Stefan: My advice is to start with purchasing high-quality teas. Be prepared to pay good money for great teas. Don’t store the teas alongside spices or coffee. When it comes to brewing the teas, pay attention to the quality of the water. Only use filtered water or soft bottled water. Never use a coffee pot or thermos for your tea. Eventually, you will want to use the same brewing techniques when sampling different teas to ensure comparability, adjust brewing parameters, and observe how the tea changes.
Darjeeling FTGFOP1 2nd flush Sungma Muscatel Organic DJ-101/2022
#P6168 Darjeeling FTGFOP1 2nd flush Sungma Muscatell Organic DJ-101/2022:
Origin: Jay Shree Tea & Industries Ltd, Kolkata, West Bengal, India
Altitude: 4,800-5,200 ft (1,400–1,600 m) above sea level.
Tea Maker: Anish Kabi (Senior Factory Assistant Manager)
Cultivar: 150 years old China & China Hybrid Seed Planted Cultivar
Dry leaves: The leaves are carefully processed, slightly open, and have a dark black to brown appearance with occasional green particles. The tea is interspersed with delicate silvery tips.
Liquor: Clear and bright infusion with a coppery/amber tone.
Aroma: Dry leaves smell like warm Northern German sourdough bread crust accompanied by fine nutty aromas. The infusion emits a lovely, sweet aroma reminiscent of sourdough bread, dark cocoa with subtle spicy tobacco notes, subtle floral lily of the valley, and distinct muscatel notes. Process: Hand plucked. Fermentation Time: 2:30 hours, Dryer run through Time 26 Min, Dryer Temperature Inlet 248°F, outlet 160°F
Best Months: Harvested 18 May 2022. Processed 19 May 2022
Brew: Western Style – 1 tsp per cup – 95 degrees Celsius – 3 to 3.5 minutes
Cup: In the mouth, the tea tastes intense and is full of floral and spicy nuances with notes of tobacco, cedar, dark chocolate, and a distinct muscatel flavor. Typical 2nd flush character!
Personal notes: Spread over evenly gradual slopes facing the mesmerizing Mirik valley, Sungma and Turzum are some of Darjeeling’s most beautiful tea estates. It is famous for growing exclusive quality tea at high elevations and a cool and misty climate, with temperatures ranging from three degrees Celsius in winter to 28 degrees Celsius in summer and an annual rainfall of 2500 to 3000 mm from July to September. This tea is a perfect example of the exquisite qualities this estate proudly stands for after having experienced a very turbulent past, including a massive earthquake in 1934, the subsequent shift of the entire tea manufacturing operations to the Turzum tea estate, and the takeover by Jayshree Tea in 1933.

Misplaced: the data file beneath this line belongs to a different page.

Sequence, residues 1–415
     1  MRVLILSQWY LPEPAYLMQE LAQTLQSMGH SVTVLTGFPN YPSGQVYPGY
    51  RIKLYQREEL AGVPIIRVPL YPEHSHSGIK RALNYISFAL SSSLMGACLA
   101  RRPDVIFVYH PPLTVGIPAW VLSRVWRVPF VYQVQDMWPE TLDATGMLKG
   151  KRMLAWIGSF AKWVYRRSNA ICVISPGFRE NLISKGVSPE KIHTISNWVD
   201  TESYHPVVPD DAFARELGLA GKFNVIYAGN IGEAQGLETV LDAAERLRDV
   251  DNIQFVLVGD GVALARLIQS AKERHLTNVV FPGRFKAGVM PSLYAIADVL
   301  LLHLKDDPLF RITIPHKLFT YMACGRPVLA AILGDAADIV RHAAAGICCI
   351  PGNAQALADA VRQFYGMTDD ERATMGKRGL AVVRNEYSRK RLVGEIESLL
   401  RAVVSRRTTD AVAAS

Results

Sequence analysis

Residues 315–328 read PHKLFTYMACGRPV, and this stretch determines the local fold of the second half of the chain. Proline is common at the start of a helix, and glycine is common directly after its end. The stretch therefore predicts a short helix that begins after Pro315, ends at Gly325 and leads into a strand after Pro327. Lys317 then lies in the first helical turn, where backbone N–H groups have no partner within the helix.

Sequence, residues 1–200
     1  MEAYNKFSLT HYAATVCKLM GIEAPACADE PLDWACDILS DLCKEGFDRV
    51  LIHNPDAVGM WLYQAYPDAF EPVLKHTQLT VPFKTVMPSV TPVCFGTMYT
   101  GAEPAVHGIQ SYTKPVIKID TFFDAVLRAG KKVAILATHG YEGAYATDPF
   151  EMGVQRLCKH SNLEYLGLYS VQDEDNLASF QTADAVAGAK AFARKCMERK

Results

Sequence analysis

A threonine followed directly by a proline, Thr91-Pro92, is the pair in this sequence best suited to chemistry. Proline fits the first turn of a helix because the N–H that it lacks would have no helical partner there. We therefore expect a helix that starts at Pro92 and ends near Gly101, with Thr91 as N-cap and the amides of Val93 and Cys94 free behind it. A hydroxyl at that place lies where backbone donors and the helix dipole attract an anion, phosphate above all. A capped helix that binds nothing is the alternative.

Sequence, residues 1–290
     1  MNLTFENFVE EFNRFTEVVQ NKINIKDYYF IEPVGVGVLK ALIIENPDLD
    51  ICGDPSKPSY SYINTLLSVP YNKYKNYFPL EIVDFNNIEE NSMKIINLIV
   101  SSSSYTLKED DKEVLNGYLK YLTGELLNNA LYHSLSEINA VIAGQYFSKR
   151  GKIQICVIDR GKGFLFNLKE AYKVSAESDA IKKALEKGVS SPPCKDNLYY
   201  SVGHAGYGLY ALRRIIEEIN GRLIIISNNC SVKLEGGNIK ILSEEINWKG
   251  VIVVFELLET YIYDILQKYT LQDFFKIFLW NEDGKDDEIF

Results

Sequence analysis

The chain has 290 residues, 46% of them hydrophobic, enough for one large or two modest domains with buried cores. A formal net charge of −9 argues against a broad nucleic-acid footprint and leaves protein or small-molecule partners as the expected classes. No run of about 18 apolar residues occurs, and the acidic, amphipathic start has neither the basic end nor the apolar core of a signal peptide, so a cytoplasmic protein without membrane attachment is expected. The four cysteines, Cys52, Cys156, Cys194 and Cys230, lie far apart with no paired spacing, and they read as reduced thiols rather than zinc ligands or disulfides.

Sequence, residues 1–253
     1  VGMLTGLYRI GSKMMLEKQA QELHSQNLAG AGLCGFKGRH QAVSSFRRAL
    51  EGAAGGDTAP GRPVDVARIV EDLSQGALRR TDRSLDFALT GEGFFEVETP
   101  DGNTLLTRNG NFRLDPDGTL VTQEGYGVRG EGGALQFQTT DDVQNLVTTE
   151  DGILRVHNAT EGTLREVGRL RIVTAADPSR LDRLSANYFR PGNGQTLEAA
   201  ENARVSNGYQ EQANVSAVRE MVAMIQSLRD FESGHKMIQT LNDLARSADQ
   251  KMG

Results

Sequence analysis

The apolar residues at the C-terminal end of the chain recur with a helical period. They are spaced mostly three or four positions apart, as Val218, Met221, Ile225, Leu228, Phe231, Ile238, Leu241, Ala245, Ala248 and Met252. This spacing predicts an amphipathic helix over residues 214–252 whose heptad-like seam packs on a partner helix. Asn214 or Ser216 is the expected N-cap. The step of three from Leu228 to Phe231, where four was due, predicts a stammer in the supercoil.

Purchase link: Kirchner, Fischer & Co. GmbH
Japan Gyokuro Kirishima, Kagoshima, Saemidori Organic
#P6158 Japan Gyokuro Kirishima, Kagoshima, Saemidori Organic:
Origin: Nishi Tea Factory, Makizono, Kirishima-City, Kagoshima Pref, Japan
Altitude: 980-1,320 ft (300–400 m) above sea level.
Tea Maker: unknown
Dry leaves: Even, clean, neatly rolled leaves of dark green color and needle-shaped leaves of the highest quality. Touching these velvety soft tea leaves is a pure hand-pleasing experience.
Liquor: Light yellow to jade-colored clear cup.
Aroma: Dry leaves have a fresh, soft green aroma that results from processing only the young and tender buds. Also, the scent of green seaweed (because of shading) is quite noticeable. The infusion appeals with sweet, pronounced veggie flavors and umami flavors accompanied by notes of cooked brussels sprouts and fresh asparagus while notes of seaweed continue to evolve.
Process: Grown in volcanic ash soil, exceptionally rich in minerals, and shaded for 21 days before harvest.
Best Months: Harvested 3 May 2022
Brew: Western Style – 1 tsp per cup – 60-70 degrees Celsius – 2 minutes
Cup: The tea tastes sweet and velvety and captivates with multilayered veggie flavors, such as brussels sprouts and asparagus, accompanied by a pleasant umami note and subtle aromas of Vietnamese cinnamon, marzipan, and almond. Fresh aroma and subtle fruitiness thanks to the high mineral content of the soil.
Personal notes: Nishi’s tea plantation is in the mountains of Kirishima, where the climate is subtropical and the rainfalls abundant. Both are very beneficial for tea production. Kagoshima is an active volcanic region. You often hear the earth-shaking sound of a volcano in action. The deep fog characteristic of mountainous areas covers the entire area, making the temperature difference between morning and midday very intense, which is a perfect terroir for tea cultivation.
Purchase link: Kirchner, Fischer & Co. GmbH
Download: Mount Everest Tea Catalog (2022-2024)